For so many who have passed through the hallowed halls of PW ’s legendary intern program, it started—as it should—with a horse.
We received hundreds of internship applications every year—many good, a few exceptional, and a decent number that get hung up on the wall with the cringe-worthy bits circled in highlighter. Those who look like they might have the chops—or whose Facebook pages are unblocked and unembarrassing enough—get called in for an interview.
And then, before they come through our doors, we send them the horse video.
It started innocently enough. After hundreds of interviews with potential interns, I’d given the same spiel about our internship program so much that it was identical every time—word for word. As soon as I would launch into it, then-Editor-in-Chief Tim Whitaker would start cracking up, and the poor interviewee would just sit there helplessly not knowing whether to laugh as well. So we thought: Let’s record this and send it out ahead of time.
Our first thought: Burn it to a CD and mail it out. But no, too clunky and time consuming.
Then a new website popped up, and we realized it might be useful. The site was called YouTube.
But it’s boring to just film me sitting at a desk talking about fact-checking. So we got a horse up in Fairmount Park’s Belmont Plateau, and filmed me sitting on a horse. Talking about fact-checking. It’s still on YouTube.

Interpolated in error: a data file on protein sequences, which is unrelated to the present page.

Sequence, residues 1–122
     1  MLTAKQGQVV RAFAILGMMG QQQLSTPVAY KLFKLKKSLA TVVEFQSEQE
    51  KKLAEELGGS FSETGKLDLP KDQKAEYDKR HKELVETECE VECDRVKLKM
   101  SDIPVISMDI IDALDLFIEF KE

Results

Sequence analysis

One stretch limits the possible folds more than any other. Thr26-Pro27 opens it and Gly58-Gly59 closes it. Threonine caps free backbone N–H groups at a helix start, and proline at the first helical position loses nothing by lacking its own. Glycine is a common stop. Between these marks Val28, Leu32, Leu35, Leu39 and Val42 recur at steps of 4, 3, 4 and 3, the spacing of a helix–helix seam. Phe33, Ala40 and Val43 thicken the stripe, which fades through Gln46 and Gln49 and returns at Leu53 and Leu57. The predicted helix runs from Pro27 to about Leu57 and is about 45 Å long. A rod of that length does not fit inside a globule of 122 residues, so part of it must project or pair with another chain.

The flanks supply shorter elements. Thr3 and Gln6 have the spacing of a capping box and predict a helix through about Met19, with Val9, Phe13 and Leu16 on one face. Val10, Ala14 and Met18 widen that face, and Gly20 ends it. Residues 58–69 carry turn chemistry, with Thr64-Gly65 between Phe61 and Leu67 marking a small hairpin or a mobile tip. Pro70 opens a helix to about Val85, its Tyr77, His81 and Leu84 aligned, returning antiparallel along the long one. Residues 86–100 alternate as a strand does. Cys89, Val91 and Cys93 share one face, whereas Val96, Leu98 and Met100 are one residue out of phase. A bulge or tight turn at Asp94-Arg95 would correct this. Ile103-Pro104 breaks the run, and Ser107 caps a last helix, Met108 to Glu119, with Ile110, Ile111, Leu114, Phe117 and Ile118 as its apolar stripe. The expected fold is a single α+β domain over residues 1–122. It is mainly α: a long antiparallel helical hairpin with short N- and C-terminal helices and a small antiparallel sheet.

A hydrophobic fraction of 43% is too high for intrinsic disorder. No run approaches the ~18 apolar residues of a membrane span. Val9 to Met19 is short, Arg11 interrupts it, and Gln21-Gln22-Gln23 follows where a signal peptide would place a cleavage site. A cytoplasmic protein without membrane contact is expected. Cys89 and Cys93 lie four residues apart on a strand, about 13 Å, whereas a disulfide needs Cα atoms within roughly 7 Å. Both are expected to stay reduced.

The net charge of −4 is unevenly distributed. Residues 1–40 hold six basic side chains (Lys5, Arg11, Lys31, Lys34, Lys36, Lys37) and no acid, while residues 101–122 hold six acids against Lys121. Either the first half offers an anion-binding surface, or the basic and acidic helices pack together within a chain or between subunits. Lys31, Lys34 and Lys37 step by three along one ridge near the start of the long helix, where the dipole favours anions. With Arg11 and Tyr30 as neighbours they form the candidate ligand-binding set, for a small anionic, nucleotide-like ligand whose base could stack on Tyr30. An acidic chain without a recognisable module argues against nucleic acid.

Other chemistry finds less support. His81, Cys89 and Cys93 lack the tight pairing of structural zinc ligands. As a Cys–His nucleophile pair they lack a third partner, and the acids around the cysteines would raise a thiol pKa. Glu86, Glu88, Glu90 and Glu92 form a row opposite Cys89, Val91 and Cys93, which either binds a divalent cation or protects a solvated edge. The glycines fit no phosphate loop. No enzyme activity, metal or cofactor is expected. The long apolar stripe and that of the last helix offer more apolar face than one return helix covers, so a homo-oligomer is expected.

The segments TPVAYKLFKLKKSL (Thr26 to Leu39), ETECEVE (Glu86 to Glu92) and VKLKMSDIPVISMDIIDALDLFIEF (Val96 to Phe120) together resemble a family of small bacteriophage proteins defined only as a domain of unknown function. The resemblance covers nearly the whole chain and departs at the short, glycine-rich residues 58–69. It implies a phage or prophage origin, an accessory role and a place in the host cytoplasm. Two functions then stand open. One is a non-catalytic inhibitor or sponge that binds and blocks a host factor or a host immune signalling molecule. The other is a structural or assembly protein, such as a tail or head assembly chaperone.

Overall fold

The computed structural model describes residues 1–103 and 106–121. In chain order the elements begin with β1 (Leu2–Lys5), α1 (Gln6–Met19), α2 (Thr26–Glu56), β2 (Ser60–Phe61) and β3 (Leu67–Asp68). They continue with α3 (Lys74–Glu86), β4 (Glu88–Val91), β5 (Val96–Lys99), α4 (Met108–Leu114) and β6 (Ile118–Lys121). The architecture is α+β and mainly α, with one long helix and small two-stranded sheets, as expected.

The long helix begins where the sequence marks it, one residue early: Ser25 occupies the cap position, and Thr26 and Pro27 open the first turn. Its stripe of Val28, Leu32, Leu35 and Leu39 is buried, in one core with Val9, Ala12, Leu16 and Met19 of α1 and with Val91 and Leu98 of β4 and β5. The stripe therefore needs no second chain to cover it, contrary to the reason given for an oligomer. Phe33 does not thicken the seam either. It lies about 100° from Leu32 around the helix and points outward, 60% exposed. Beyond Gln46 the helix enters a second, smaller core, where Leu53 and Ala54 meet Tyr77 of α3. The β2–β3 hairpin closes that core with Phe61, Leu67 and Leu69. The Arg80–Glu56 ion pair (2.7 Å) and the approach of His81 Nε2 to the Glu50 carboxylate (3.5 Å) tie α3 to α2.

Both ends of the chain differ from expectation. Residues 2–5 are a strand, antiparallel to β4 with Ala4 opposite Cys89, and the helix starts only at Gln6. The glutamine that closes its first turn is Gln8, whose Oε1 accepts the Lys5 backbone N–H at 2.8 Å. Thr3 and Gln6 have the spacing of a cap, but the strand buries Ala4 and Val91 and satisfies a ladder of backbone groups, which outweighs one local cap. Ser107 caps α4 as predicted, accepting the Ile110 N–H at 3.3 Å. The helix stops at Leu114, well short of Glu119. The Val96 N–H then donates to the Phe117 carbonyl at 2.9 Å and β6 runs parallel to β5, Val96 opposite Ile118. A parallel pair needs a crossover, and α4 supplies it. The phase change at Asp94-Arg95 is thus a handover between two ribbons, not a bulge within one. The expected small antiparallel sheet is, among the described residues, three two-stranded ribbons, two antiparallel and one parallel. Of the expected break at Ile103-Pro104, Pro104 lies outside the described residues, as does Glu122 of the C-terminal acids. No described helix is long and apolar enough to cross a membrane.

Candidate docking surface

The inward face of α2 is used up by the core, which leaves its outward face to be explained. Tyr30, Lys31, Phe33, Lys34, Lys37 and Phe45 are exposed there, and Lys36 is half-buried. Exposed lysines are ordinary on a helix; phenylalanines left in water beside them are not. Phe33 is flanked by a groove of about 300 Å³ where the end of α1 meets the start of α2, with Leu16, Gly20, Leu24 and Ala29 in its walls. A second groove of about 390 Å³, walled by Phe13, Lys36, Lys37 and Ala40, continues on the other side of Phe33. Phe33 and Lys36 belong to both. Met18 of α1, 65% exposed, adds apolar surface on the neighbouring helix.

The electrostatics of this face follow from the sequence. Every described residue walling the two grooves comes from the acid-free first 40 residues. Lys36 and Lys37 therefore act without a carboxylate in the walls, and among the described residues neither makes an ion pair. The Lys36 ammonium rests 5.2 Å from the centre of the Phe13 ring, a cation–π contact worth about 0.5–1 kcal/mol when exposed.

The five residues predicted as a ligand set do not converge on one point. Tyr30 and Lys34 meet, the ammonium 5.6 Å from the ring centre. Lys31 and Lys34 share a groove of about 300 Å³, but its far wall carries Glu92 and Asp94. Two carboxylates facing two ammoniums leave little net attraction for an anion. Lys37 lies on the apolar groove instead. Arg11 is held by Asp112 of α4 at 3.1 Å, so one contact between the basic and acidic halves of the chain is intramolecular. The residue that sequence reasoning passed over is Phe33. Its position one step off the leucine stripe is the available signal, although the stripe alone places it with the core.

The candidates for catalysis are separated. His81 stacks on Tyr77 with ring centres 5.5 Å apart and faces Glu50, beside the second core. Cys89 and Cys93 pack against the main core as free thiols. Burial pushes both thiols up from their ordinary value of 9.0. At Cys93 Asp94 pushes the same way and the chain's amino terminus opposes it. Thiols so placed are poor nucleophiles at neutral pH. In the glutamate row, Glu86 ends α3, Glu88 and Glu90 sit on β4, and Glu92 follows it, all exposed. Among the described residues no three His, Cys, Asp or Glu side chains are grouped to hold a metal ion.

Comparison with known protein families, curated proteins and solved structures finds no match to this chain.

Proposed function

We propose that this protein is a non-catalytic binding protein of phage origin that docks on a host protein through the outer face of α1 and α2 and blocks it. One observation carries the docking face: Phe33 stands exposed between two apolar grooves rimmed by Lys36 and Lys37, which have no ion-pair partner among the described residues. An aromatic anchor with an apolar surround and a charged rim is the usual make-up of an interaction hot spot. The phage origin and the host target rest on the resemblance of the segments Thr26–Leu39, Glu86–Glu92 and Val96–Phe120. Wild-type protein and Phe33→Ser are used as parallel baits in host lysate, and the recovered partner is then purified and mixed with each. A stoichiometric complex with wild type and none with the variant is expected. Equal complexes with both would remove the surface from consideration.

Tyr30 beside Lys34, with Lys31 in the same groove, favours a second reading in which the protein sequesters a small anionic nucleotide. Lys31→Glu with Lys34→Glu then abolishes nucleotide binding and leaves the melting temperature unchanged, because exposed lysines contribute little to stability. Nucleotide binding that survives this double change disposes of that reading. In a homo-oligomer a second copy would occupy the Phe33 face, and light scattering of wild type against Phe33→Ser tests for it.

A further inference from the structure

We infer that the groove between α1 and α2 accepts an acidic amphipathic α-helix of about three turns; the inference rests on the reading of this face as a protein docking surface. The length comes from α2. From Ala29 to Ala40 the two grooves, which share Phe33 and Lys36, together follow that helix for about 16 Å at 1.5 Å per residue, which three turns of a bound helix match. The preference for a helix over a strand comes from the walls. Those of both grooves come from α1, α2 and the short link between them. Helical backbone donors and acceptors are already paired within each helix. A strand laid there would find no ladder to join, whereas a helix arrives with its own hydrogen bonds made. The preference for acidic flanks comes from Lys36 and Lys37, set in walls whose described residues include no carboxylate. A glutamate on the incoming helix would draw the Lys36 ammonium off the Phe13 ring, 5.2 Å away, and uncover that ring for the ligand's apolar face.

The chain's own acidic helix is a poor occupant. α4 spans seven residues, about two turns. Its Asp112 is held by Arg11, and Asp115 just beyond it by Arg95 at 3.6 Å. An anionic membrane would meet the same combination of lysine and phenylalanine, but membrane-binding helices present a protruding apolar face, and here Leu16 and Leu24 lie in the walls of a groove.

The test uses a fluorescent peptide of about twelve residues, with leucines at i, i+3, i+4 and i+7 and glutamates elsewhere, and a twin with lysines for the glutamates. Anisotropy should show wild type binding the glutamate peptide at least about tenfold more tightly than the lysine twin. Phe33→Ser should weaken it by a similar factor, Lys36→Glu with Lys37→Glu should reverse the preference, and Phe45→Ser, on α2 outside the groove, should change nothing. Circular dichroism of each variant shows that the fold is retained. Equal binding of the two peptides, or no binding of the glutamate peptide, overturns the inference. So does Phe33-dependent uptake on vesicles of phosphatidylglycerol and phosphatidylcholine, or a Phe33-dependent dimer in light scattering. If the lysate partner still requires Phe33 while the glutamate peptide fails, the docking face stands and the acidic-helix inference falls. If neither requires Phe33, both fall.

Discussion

Many of PW’s most recognizable bylines over the years started here as interns: Kia Gregory, Jessica Pressler, Cassidy Hartmann, Mike Newall—the list goes on for days.
But some of the most, um, memorable ones, you never heard about.
Here, we give you the best and worst of PW ’s internship program over the years—from our faulty memories, as well as the recollections of some all-star fact-checkers of years’ past.
Charles the Child Pornographer
To this day, Charles’ resume remains one of the most impressive I’ve ever seen. (Note: Some names have been changed to protect the unpaid.) He started working in the early 2000s, shortly after I took the reins of the internship program over from Pressler, who had hired me as an intern. Charles was the best fact-checker we had—at the time, and for years after. A little awkward and quiet, but a real whiz on the Internet.
He was “on leave” for a semester from a local school; I never bothered to ask why. Could have, but it didn’t come up. It was great for us—meant he had more time to fact-check.
About six weeks into his internship, he got his first byline. Two days before the paper came out, he told me he couldn’t come to work because he had to go to court; I never bothered to ask why. Could have, but I assumed it was a traffic ticket.
The day after the paper came out, we got a call from a reporter at Philadelphia magazine, who had seen Charles’ byline. This reporter was an alum of the same school from which Charles was on leave, and he was curious to know if our intern Charles was the same individual who, at this school, had been arrested, charged with and admitted to hundreds of counts of child pornography.
We’ll have to check and call you back, we told Philly mag.
We Googled Charles for the first time, and yes, it was the same dude.
The paper you now hold in your hands, PW, has been around for 40 years—more or less. Like most media stories, it’s a bit more complicated than that. No matter the changes, though, there is a through line in the paper’s history: a renegade spirit and a determination to give voices to the voiceless.
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